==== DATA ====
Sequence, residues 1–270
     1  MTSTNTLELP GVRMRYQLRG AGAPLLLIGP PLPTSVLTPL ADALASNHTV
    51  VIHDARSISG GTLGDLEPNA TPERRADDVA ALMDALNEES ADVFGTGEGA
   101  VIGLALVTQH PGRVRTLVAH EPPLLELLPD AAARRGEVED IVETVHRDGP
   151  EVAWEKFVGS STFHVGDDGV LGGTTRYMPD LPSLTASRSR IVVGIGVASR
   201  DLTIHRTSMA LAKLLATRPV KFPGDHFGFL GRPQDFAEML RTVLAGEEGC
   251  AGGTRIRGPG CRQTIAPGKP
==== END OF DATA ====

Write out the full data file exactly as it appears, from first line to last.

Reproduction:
Sequence, residues 1–270
     1  MTSTNTLELP GVRMRYQLRG AGAPLLLIGP PLPTSVLTPL ADALASNHTV
    51  VIHDARSISG GTLGDLEPNA TPERRADDVA ALMDALNEES ADVFGTGEGA
   101  VIGLALVTQH PGRVRTLVAH EPPLLELLPD AAARRGEVED IVETVHRDGP
   151  EVAWEKFVGS STFHVGDDGV LGGTTRYMPD LPSLTASRSR IVVGIGVASR
   201  DLTIHRTSMA LAKLLATRPV KFPGDHFGFL GRPQDFAEML RTVLAGEEGC
   251  AGGTRIRGPG CRQTIAPGKP